Adding a second vehicle to your policy can lead to savings on a per-car basis.
You can save up to 15% off your initial quote by driving safely.
Compare rates to find the right policy for your needs.
How Metromile works
You pay a base rate + pennies on the mile
Metromile applies a usage-based insurance formula based on how many miles you drove the previous month. The company starts with a base rate determined by traditional data such as what kind of car you drive, your age and driving history and credit score. But Metromile then adds their special sauce: your actual mileage multiplied by a cost-per-mile fee. The result is simple: if you drive less, you pay less.
Metromile’s pricing is directly linked to mileage driven
Users pay a monthly base rate plus a per-mile rate. Metromile tracks your mileage using a wireless device that plugs into your car's diagnostic port.
Metromile does not monitor a driver’s behavior (aside from miles driven) to calculate his or her rate. So if you’re inclined to hard braking and swift turns, Metromile may be a better option for you than Root, which takes those actions into consideration.
How to sign up for Metromile
The first step is to request an insurance quote. Rest assured that checking your rate won’t affect your credit score. You’ll be asked to enter personal information, like your address and date of birth. Then you’ll need to enter basic information on the vehicle you want to insure, such as the year, make, model and ownership status.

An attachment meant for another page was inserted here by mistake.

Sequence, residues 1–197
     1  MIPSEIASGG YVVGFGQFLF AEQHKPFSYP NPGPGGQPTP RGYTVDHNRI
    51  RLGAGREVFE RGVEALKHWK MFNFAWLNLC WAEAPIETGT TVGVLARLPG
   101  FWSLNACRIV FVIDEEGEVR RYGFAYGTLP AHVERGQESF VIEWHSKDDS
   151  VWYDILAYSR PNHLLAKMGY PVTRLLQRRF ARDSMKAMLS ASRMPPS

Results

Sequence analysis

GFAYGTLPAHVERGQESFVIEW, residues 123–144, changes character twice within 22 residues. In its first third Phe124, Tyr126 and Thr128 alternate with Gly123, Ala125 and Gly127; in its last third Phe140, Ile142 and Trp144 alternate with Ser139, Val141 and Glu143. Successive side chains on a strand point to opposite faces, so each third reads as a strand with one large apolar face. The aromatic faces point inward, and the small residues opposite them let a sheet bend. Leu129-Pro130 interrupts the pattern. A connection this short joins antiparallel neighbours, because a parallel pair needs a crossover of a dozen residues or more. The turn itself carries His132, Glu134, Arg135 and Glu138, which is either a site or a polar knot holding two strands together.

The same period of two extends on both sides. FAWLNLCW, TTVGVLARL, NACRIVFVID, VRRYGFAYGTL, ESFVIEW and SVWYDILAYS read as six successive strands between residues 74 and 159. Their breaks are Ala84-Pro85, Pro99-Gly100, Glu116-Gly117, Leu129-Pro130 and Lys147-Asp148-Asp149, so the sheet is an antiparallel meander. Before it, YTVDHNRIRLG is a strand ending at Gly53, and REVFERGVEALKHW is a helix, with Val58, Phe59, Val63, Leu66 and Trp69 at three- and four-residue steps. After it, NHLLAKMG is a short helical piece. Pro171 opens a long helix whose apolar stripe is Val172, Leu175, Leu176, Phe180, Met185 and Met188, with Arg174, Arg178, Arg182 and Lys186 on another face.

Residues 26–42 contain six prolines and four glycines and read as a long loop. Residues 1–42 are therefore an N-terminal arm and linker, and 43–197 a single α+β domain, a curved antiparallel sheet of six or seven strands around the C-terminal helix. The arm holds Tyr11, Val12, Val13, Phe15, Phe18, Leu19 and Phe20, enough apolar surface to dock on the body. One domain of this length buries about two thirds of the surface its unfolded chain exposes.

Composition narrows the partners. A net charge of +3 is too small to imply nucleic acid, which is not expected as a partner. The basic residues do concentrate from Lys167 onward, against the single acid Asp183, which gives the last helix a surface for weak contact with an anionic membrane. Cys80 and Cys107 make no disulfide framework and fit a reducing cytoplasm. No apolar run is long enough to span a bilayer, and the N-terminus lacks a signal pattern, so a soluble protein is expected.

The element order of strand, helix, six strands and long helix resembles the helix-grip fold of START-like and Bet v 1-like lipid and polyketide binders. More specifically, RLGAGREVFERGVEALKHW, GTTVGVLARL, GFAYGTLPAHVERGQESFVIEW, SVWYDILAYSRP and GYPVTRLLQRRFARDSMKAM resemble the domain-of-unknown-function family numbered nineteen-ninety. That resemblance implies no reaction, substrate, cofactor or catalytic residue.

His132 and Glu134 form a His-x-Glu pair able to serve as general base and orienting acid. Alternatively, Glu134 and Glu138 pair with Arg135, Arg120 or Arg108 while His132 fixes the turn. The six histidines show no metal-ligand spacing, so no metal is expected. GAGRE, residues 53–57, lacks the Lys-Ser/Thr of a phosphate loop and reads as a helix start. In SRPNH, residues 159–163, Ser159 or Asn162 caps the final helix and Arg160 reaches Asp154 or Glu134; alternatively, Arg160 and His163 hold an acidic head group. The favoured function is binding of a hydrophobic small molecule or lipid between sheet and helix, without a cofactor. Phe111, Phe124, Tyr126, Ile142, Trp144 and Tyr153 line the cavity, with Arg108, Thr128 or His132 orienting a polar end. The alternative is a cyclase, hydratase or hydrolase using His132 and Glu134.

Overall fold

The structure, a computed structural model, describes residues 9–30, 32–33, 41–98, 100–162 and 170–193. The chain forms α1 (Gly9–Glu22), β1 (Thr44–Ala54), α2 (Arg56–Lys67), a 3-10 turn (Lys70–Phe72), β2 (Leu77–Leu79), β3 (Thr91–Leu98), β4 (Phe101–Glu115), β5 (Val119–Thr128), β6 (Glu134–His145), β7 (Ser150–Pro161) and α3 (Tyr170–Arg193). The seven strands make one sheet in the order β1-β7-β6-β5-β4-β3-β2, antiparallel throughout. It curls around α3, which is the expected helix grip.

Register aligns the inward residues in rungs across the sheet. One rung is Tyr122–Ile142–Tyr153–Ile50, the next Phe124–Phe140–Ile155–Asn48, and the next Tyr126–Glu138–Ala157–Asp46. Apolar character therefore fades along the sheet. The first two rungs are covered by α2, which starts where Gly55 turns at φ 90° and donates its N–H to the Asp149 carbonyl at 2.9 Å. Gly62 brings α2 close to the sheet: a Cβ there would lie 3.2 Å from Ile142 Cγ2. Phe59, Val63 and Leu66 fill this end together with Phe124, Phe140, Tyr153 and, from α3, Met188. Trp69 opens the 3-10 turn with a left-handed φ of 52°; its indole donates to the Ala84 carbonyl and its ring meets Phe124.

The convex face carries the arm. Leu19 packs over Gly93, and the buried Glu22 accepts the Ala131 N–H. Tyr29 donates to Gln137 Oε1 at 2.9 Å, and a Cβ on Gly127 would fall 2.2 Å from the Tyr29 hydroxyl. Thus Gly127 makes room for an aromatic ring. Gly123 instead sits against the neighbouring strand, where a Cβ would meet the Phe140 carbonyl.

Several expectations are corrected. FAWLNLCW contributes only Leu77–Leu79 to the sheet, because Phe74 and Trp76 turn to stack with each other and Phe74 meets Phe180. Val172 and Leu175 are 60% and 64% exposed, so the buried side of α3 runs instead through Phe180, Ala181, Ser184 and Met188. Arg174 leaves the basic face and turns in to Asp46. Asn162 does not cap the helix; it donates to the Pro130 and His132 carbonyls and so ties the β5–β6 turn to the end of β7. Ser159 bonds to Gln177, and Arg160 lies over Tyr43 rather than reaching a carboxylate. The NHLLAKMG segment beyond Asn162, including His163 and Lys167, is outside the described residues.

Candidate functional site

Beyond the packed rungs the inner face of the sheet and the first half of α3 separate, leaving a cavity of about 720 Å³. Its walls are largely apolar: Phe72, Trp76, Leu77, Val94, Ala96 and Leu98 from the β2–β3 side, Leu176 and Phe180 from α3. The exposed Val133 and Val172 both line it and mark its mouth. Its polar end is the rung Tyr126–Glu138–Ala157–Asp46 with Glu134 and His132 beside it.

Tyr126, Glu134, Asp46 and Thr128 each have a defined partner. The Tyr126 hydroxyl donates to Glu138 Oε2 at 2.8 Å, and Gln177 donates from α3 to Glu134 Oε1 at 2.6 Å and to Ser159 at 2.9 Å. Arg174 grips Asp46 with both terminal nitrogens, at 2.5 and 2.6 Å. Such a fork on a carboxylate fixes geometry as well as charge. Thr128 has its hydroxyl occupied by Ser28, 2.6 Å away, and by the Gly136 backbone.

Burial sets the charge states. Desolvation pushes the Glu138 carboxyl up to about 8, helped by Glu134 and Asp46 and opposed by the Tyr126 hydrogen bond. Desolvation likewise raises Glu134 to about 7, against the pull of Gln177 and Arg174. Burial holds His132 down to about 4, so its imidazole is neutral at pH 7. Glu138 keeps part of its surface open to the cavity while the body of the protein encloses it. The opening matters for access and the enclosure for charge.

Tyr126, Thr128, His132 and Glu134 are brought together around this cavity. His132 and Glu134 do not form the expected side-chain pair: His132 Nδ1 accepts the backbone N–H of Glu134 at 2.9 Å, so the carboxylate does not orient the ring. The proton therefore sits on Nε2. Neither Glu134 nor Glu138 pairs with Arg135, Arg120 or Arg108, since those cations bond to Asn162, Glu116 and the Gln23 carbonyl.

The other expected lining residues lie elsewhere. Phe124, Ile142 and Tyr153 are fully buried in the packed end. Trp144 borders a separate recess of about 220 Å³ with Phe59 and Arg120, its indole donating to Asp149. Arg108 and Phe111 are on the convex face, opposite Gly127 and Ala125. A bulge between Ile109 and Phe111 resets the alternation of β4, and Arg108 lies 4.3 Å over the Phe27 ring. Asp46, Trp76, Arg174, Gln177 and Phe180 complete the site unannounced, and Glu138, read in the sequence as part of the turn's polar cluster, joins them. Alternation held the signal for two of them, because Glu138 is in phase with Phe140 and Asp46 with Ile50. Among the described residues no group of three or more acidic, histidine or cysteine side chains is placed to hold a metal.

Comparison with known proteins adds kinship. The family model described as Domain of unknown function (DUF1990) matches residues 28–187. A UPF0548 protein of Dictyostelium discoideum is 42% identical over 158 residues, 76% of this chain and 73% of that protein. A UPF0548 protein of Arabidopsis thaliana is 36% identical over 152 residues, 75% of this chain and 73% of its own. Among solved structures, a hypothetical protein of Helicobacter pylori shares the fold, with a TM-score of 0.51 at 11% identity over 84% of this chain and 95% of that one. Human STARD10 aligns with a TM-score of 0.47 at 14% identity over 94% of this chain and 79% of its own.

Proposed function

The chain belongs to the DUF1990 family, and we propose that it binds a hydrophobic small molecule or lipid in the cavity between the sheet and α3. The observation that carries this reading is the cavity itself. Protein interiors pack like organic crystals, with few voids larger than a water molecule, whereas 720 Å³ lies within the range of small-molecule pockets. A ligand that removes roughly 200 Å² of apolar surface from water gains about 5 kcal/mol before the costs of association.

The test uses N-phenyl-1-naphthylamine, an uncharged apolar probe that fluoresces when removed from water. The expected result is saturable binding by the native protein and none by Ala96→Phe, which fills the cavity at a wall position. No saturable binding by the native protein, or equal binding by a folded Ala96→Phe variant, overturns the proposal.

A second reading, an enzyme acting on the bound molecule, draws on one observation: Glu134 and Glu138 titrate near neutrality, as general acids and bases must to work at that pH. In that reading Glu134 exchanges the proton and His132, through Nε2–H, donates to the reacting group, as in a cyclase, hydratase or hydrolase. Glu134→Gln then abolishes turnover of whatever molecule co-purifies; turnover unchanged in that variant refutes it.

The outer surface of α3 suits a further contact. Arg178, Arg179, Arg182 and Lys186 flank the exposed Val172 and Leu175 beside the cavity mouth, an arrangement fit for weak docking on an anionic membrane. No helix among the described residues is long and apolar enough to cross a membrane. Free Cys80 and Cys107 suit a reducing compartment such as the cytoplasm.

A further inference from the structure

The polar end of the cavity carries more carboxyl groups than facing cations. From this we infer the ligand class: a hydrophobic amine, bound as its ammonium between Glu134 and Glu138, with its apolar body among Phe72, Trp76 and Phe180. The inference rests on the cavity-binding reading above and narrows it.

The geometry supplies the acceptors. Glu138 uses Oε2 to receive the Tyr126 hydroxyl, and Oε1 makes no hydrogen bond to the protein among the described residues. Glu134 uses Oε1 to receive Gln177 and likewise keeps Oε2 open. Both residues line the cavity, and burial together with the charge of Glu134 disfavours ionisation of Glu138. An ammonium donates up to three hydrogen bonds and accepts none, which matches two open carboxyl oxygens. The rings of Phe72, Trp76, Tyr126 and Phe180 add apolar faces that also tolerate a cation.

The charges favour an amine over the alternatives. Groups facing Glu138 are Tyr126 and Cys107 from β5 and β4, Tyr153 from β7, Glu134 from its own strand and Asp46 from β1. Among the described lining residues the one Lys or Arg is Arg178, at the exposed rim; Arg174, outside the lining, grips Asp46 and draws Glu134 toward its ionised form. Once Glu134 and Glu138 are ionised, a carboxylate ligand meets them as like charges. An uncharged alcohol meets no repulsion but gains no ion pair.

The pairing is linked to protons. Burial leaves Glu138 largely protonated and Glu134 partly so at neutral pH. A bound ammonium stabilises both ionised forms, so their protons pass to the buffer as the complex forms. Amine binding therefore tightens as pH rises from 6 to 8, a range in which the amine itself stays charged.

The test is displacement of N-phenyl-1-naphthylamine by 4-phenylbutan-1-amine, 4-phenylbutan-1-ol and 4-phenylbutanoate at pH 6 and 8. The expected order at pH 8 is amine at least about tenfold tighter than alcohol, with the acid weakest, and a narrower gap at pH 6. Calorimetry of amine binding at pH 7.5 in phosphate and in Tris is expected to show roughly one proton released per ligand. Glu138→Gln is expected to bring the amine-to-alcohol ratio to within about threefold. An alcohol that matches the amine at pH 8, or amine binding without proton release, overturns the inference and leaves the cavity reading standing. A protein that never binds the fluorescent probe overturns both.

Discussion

Next, you’ll be prompted to estimate your monthly mileage. With pay-per-mile insurance, it’s important to provide an accurate estimate. It may not be worth switching from a traditional plan if you’re clocking a lot of miles in your daily commute. Don’t stress over the occasional road trip — Metromile maxes out daily mileage at 250 miles (or 150 miles for folks in New Jersey). Now you’ll need to enter the details for the primary insured and any secondary drivers.
Similar to a traditional insurance plan, you’ll need to select a level of coverage. If you’re confused or need more information, hover over the tooltips next to each field. Metromile offers three tiers of coverage to choose from: basic, extra and plus. Each can be customized in the level of coverage and you also have the option to select add-ons, such as comprehensive insurance, rental car reimbursement and roadside assistance.
At this point, you'll be provided with an estimated monthly cost for Metromile, and you can compare your current plan with Metromile’s quote. It’s a quick way to determine if you’ll actually save money on the company's plan. You’ll also see your estimated base rate and the per-mile rate.
How to install the Metromile Pulse
If you opt to proceed with Metromile, you’ll be prompted to review your plan and enter your payment details. You’ll also be asked for your address so the company can ship you its mileage tracking device, the Metromile Pulse. Your device should arrive within five to seven business days. A nice perk is that you’re not charged for mileage during this period.
Once the package arrives, you’ll find a quick start guide and the Pulse device.